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A Different World

I was always a fan of “A Different World.” It was a spin off of the old Cosby Show on NBC. It was predominately African-American kids at a historically black college. I was in love with Jasmine Guy’s character, Whitney Gilbert. The point of the show was how kids from different backgrounds, but united by ethnicity, had to deal with the new world they would live in, called college. The world after the Nov. 7 election, reminds me of that. We have now have divided government at both the state and federal level. And the prosecutor’s office notwithstanding, Democratic Uni-Gov in Marion County.

I do not agree with those who say the world is going to come to an end or the terrorists will think America was right for the taking. Terrorists are going to do what they are going to do regardless of who is in charge. So pardon me if I don’t play into fear. Here’s what I will say.

At the national level, Republicans lost for a simple reason, the American people were tired of them. After 12 years, the people just said, hey, it’s time for you guys to go. There was some of the argument that the GOP strayed from its conservative roots, but as I look back into my crystal ball, I don’t see how Chris Chocola, Mike Sodrel, JD Hayworth, George Allen and Rick Santorum all strayed from their conservative roots. There was something else at play. It’s called people were tired of the war, tired of corruption, tired of the GOP.

As far as Democrats, they earned their victory. The challenge for them is to not run so far to the left that prove the GOP right. Nancy Pelosi will have a heck of a time reigning in Charlie Rangle, John Conyers and Henry Waxman. But somehow, I think the desire to stay Speaker of the House means she won’t let them get too far off the plantation.

At the state level, Democrats did a good job of winning legislative districts that were primarily Democratic. What’s interesting is the GOP won all the statewide races. And the Indiana Congressional delegation went from 7-2 Republican to 5-4 Democratic. To me, it shows Indiana may now be the new battleground state. We’ll see in 2008.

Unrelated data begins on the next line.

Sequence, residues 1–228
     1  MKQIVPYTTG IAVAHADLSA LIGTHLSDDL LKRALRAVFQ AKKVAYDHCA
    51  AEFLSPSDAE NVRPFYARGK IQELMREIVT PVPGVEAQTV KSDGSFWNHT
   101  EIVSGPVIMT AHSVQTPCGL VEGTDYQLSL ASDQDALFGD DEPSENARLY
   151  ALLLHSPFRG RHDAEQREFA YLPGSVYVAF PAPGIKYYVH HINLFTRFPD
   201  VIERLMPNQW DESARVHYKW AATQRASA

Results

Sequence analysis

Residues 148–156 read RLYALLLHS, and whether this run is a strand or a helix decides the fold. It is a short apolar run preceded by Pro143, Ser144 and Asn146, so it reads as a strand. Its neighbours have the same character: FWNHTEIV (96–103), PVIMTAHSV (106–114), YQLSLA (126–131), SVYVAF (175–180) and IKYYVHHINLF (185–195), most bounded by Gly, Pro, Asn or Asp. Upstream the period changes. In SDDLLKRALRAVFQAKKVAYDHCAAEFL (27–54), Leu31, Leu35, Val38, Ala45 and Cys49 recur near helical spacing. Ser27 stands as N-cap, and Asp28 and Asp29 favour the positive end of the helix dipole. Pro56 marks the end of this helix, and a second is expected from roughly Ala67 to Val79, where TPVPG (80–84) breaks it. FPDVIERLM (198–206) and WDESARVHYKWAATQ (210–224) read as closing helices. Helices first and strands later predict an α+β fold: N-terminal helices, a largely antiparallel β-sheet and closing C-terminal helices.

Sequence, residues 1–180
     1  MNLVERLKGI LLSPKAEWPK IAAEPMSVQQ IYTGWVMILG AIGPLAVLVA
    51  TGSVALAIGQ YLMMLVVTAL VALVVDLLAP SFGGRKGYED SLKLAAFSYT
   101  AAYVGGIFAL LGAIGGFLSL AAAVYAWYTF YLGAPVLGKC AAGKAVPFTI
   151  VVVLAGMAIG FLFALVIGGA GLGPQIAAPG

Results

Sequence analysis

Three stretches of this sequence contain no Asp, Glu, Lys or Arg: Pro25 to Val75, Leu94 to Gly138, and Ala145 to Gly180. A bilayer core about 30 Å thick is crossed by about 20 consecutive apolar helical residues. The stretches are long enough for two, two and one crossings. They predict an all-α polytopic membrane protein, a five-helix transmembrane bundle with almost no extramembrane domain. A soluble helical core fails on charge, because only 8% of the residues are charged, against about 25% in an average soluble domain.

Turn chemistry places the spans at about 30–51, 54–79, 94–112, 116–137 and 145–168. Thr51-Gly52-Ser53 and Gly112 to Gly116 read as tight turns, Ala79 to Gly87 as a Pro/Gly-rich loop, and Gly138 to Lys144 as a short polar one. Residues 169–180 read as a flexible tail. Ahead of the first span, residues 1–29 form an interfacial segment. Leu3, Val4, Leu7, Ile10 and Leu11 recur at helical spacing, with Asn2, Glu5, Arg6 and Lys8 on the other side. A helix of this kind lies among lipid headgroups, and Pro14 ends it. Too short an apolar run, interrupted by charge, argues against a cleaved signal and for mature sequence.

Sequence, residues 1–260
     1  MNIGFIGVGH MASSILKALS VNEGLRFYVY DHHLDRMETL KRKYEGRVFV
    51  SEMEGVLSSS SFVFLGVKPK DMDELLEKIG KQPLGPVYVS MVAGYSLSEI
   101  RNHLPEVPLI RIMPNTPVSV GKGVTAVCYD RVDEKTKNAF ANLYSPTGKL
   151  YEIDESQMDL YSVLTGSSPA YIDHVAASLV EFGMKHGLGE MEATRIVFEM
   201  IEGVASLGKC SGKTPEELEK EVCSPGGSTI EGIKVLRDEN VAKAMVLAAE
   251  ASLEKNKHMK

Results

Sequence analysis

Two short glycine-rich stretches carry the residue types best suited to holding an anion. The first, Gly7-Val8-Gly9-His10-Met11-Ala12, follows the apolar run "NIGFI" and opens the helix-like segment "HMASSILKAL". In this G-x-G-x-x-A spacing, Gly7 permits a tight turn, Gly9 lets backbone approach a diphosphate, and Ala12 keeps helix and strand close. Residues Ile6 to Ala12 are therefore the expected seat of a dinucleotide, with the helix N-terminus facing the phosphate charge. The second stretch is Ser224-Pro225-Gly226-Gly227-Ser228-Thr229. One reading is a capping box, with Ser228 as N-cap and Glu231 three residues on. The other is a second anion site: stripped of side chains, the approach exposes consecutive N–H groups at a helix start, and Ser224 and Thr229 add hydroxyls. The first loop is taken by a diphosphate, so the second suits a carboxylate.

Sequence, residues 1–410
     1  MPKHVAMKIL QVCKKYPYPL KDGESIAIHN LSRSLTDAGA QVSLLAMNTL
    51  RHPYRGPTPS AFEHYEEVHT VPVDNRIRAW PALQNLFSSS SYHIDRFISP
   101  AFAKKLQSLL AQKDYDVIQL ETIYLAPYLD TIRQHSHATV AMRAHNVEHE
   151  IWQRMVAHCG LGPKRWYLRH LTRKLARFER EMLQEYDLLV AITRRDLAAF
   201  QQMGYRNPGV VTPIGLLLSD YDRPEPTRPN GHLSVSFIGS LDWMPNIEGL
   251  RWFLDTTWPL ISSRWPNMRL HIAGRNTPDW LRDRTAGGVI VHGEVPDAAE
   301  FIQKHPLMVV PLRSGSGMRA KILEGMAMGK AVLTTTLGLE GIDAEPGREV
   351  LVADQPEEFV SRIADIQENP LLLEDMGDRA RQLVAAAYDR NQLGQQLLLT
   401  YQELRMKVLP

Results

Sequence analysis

Locally, the Democrats did one hell of a job with their straight-ticket voting campaign. They won every office but County Prosecutor, which I argue had they had a stronger candidate, they could have likely won that race as well. The challenge for the GOP will be to field a candidate for next year’s mayoral race who can cut into that straight-ticket base. Carl Brizzi is living proof that the straight ticket can be beaten. However, I don’t see near-term situation where Brizzi (a good friend, full disclosure) can run without being crucified in the press. Hoosiers are kind of funny about individuals running for one office, getting elected and then turning around and running for another office. The danger for Marion County Dems is to not believe their own press about their victory. There is already talk that Sheriff Frank Anderson (the highest vote getter on the ticket) may try to run for Mayor in 2011. Let’s not put the cart too far before the horse. The next GOP candidate for Mayor has to be someone who cut into the Democratic base. Brizzi did it, so the next candidate will have to as well.

Overall folks, elections are the prime example of the free market place of ideas. Voters get to pick from the ideas they like and choose them. When they get tired of one party, they throw them out, and put a new party in place. We’ve been doing this since the founding of the Republic. I guess it isn’t really that much of a different world after all.

  • http://www.kenngividen.com Kenn Gividen

    “Voters get to pick from the ideas they like and choose them.”

    Seems that voters like to limit their choices to Republicans and Democrats (straight ticket campaign is a classic example) and, with the aid of gerrymandering, find themselves limited even more.

    Eric Schansberg provided voters in the 9th Congressional District with a valid — and in my opinion, better — alternative, but they chose to ply the wasted vote syndrome.

    Analogy?

    I imagine a Republican and a Democrat on a one-way street — both driving the wrong direction.

    The Democrat is going faster than the Republican, and seems oblivious to his error.

    For his part, the Republican refuses to even acknowledge he’s going the wrong way.

    Voters choose to ride with the Republican simply because he’s not going as far as fast as the Democrat.

    But in the end, like you say, it’s all a matter of voter choice.

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